June 30, 2017

The Beguiled

Wait, we're missing a Fanning sister

Grade: B –
Director: Sofia Coppola
Starring: Nicole Kidman, Colin Farrell, Kirsten Dunst, Elle Fanning, Angourie Rice, Oona Laurence, Emma Howard, and Addison Riecke
MPAA Rating: R
Running Time: 1 hr. 36 min.

The Beguiled is how Wonder Woman might have turned out if Steve Trevor never left Themyscira. An injured soldier lands on the doorstep of an all-woman world, both beset by suspicions over the other’s motives. While out picking mushrooms in Civil War-era Virginia, twelve-year-old Amy (Oona Laurence) stumbles across Union corporal John McBurney (Colin Farrell), separated from his regiment and his leg badly wounded. Amy helps John stagger back to Miss Farnsworth’s Seminary for Young Ladies, an erstwhile plantation home that’s now a boarding school housing its titular headmistress Martha (Nicole Kidman), head teacher Edwina (Kirsten Dunst), and five female pupils in varying stages of maturation and development.

All express initial consternation over the arrival of this dastardly “blue belly,” but they agree to nurse John back to health before turning him over to Confederate authorities. Their Christian charity gradually segues into undercurrents of infatuation and sexual tensions, sourced from a combination of John’s fawning and a cloistered setting devoid of male presence. Amy melts under John’s assurance that she’s his “best friend” in the house. The otherwise reproving Jane (Angourie Rice) basks in John’s praises of her musical skill. The comely Alicia (Elle Fanning) openly flirts with the visitor. The widowed Martha avails herself of John’s company under the guise of courtly hospitality and appears mildly jealous of his open fondness for Edwina. The uneasy milieu of manners unravels one night when John is caught in one of the lady’s chambers, triggering a macabre cascade of events.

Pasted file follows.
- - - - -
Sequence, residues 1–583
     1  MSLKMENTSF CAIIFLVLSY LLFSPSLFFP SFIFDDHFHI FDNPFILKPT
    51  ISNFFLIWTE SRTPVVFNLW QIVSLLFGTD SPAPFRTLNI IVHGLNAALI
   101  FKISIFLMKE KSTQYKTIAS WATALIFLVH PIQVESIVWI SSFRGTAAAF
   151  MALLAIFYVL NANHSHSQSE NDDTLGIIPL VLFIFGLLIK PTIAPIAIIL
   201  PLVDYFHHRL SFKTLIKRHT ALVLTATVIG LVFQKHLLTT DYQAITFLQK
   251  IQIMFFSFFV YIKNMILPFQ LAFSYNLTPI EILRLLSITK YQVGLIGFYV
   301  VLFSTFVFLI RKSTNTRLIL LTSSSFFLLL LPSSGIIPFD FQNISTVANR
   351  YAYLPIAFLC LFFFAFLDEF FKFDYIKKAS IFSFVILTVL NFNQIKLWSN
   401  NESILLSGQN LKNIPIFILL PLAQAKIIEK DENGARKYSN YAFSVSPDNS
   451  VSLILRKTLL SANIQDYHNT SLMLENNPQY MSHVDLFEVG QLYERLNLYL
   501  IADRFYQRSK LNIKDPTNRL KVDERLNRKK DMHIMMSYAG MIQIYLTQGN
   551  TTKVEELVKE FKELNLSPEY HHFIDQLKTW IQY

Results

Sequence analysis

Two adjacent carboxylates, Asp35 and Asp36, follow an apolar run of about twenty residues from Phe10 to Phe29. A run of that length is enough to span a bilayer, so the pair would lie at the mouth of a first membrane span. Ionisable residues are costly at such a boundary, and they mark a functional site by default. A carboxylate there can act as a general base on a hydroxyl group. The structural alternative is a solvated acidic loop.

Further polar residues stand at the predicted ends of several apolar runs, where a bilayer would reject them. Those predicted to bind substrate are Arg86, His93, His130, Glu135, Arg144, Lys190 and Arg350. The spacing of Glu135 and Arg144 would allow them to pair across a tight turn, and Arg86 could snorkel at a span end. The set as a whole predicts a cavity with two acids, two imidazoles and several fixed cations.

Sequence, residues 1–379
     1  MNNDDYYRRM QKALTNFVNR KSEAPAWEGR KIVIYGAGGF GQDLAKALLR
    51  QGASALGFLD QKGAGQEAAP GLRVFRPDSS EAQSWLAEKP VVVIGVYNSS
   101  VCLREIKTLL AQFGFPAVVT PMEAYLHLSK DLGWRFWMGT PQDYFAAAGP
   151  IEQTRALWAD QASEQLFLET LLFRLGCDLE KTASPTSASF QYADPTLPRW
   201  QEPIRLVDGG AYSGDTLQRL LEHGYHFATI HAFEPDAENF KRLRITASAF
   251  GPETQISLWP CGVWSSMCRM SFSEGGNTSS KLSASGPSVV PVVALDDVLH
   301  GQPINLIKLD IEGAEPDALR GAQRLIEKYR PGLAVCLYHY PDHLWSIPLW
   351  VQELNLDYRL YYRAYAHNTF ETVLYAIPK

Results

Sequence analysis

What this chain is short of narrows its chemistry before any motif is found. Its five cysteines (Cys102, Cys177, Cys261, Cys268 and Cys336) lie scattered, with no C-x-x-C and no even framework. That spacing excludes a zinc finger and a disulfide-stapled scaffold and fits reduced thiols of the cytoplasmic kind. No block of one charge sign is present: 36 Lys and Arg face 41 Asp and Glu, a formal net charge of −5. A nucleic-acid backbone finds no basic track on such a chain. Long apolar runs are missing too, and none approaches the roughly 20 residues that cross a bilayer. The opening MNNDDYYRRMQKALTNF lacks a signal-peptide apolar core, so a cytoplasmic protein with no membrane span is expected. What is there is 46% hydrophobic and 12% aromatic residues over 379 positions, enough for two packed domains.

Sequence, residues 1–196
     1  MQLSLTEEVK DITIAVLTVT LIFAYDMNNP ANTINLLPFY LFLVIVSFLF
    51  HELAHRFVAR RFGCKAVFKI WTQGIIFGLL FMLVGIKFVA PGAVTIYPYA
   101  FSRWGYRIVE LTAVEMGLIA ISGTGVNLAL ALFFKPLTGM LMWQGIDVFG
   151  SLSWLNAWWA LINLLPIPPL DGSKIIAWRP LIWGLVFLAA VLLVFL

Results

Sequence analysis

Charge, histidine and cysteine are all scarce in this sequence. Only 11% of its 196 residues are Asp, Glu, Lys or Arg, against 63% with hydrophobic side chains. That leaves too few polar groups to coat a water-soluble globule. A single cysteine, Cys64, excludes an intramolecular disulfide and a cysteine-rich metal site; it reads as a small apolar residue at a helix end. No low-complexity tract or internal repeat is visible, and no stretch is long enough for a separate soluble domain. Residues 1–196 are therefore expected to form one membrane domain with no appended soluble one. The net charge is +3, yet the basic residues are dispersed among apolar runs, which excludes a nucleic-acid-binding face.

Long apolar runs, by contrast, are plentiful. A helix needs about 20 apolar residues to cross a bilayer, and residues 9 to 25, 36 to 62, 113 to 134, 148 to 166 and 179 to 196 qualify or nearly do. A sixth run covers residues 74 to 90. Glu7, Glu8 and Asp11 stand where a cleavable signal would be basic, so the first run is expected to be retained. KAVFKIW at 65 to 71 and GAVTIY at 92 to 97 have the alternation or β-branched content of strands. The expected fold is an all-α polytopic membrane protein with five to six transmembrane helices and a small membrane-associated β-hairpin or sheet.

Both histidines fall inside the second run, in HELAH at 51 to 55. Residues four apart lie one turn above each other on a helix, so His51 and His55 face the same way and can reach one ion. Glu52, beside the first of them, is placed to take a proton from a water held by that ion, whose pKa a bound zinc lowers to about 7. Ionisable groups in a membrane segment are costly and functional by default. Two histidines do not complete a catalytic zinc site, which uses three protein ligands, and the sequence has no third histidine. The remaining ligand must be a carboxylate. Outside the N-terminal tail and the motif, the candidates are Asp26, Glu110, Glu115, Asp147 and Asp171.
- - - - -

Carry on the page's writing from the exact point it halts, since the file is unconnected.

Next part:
This is the second film adaptation of Thomas Cullinan’s Southern Gothic novel, “The Painted Devil,” following Don Siegel’s 1971 version starring Clint Eastwood and Geraldine Page.  It’s easy to see why director Sofia Coppola is attracted to a narrative that revolves around feminine empowerment and self-discovery, often in a privileged environs, à la her previous films Lost in Translation, Marie Antoinette, Somewhere, and The Bling Ring. Here, Coppola shifts much of the male perspective in the 1971 adaptation to the female viewpoint, with mixed success. This comes at the expense of historical or cultural context. We hear little about the toll of the war, and even less about about John’s background. Coppola omits the slave character Hallie, present in both Cullinan’s book and the first film.

Merriam-Webster’s Dictionary defines “beguiled” as to charm or enchant, sometimes in a deceptive way. It’s difficult, perhaps intentionally, to determine who is being deceptively charming in The Beguiled. The likely answer is everyone. But while the southern surroundings—filmed in Louisiana—hang heavy with mist and moss, the intoxicating atmospherics subsume the story. John and Edwina’s coupling progresses without much prompting—for example, his profession of “love” flies out of nowhere, as does the sharply emotional to and fro of their relationship throughout. Meanwhile, John and Martha’s increasingly corrosive interplay feels forced, born from narrative necessity rather than plot. While the ravages of war are fought far away, Miss Farnsworth’s wards don’t appear to want for food, shelter, or lace—their lone casualty is an untended garden, the double entendre undoubtedly intended. The film’s dubious lesson is that a patina of deportment and divinity cannot stifle the deep divides of gender and culture. Affairs of the heart, like toadstools, sometimes turn out to be poisonous.

1 comment:

Time to check Brick Tiles said...

This has always been one of my favorite movies so I was very excited to hear they were remaking it. THEN I found out it was a book! I ordered it immediately and started reading it the minute it was delivered. I have not been disappointed. This book will become one of my favorites I am sure.